Directed by Starred Up’s David Mackenzie and written by Sicario’s Taylor Sheridan, the film follows two brothers, one divorced dad Toby (Chris Pine) and one ex-con Tanner (Ben Foster), who plan a series of heists to rob the banks that are threatening to take away their family ranch in West Texas. The only one who might foil that plan is Texas Ranger Marcus (Jeff Bridges) and his partner Alberto (Gil Birmingham).
Pine and Foster create a fantastic brotherly bond here, the on screen relationship between the two of them is perfect, entirely believable and simply superb to watch. Separately, they each play rather different sides of the same coin, Pine does extremely well here as the father wanting to provide for his sons, his physical appearance is weathered and worn which makes him much more believable as your average working Joe. As well as Pine’s acting being on top form, it doesn’t feel that often that we get to see him in a role that has a rather large range but he’s definitely capable of more than just being eye candy or action fodder. Foster has in his 20 years of acting managed to appear in a vast array of different films, not all of which give him credit for his talent but here as the wilder of the two is excellent, he gives a great mix of anger, crazy, funny, dangerous and charming, leaving you never knowing what he might do next and yet almost as loveable as his gentler brother. Bridges and Birmingham have a perfect banter, a classic love-hate police partnership that compliments the relationship between the two brothers perfectly, as the film moves back and forth from one pair to the other. Bridges is of course not unfamiliar with a role like this but you still can’t help but love it, he’s giving everything of that character that you could want. Then there’s the cherry on top, as the film progresses there are several smaller parts but the brilliant writing of Sheridan, gives each of them their moment to shine, none of them miss a beat and even if they only have a couple of lines, each have their own personality, it’s absolutely terrific.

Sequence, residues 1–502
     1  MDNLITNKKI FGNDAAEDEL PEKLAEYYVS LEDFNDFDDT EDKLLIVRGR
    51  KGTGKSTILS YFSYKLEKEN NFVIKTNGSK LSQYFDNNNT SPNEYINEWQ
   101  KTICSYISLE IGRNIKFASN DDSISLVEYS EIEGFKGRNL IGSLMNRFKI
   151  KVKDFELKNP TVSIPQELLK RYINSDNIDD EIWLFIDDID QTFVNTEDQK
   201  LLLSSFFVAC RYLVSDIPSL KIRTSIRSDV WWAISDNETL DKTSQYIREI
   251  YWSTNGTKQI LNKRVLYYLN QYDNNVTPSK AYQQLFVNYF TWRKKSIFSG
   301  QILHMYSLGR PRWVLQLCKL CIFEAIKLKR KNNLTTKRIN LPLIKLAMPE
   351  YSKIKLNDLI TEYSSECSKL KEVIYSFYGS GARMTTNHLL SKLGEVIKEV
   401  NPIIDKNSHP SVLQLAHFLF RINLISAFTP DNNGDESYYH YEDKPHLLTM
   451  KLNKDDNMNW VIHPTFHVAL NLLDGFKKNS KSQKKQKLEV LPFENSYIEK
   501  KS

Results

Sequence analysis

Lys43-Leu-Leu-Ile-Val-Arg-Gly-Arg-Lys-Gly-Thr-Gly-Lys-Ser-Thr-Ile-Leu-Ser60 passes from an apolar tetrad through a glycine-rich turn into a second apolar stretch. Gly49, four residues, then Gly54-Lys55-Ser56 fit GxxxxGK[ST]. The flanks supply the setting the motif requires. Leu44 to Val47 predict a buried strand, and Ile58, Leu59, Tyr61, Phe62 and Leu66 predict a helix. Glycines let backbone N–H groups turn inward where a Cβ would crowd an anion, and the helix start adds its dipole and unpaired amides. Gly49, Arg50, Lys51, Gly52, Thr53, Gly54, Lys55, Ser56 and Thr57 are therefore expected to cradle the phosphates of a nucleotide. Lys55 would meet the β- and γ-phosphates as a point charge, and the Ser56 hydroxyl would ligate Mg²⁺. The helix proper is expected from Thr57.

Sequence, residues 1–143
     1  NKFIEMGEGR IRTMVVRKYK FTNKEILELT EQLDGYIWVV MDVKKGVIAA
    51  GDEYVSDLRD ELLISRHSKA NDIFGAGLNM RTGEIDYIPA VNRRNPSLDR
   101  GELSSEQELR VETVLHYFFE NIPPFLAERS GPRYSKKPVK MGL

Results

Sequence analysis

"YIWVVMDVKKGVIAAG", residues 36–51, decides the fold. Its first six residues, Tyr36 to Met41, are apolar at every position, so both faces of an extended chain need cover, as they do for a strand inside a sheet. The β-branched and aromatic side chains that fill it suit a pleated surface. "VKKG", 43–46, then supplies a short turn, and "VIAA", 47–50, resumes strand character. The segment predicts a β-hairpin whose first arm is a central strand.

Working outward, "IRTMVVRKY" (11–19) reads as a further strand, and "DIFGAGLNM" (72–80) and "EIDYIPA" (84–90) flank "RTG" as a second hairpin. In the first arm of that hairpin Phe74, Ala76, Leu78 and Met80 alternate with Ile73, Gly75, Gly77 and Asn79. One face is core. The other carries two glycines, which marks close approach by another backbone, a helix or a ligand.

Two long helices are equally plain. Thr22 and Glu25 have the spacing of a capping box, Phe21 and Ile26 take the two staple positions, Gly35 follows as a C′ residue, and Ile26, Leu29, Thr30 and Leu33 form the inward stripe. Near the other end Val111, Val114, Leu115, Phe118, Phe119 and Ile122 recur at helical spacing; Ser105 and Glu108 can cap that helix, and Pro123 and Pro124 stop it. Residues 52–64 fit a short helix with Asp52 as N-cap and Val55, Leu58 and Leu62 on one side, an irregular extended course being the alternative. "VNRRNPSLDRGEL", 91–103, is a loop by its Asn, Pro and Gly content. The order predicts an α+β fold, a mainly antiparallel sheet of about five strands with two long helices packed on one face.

The story realistically is fairly simple, you get what it says on the tin but for this particular film, it’s more than enough, it doesn’t need any unnecessary twists and turns to try and wriggle reactions out of an audience, it does that already. The most surprising factor about the film is just how funny it is, it has such a quick wit and sharp tongue, that you wouldn’t have expected from a film about two destitute brothers robbing banks but it’s full of humour, to which credit has to go again to writer Taylor Sheridan. Though it does have that humorous streak running throughout, there’s still a tragic feel to it which keeps its feet firmly on the ground. The film is also perfect for its setting, the small towns add a lot visually while not taking any focus away from our two protagonists. It also has just enough grit to keep it feeling more real, not quite to the point where you think this could be happening right that second somewhere but enough to prevent it from becoming too fantastical because this is a very human story.
It’s a wonder to see two film-makers come from such dark projects as Starred Up and Sicario and take just a pinch of that darkness, enough to add some weight to a film that, in the wrong hands, could have been something more silly and easy to throw away. Mackenzie as director has managed to make a film that fits perfectly into its setting, something which he’s managed well before, but especially considering he comes from Northumberland, far from any part of Texas. It’s a great choice of actors, it’s well written and directed, it’s touching and funny and realistically there’s just nothing to complain about.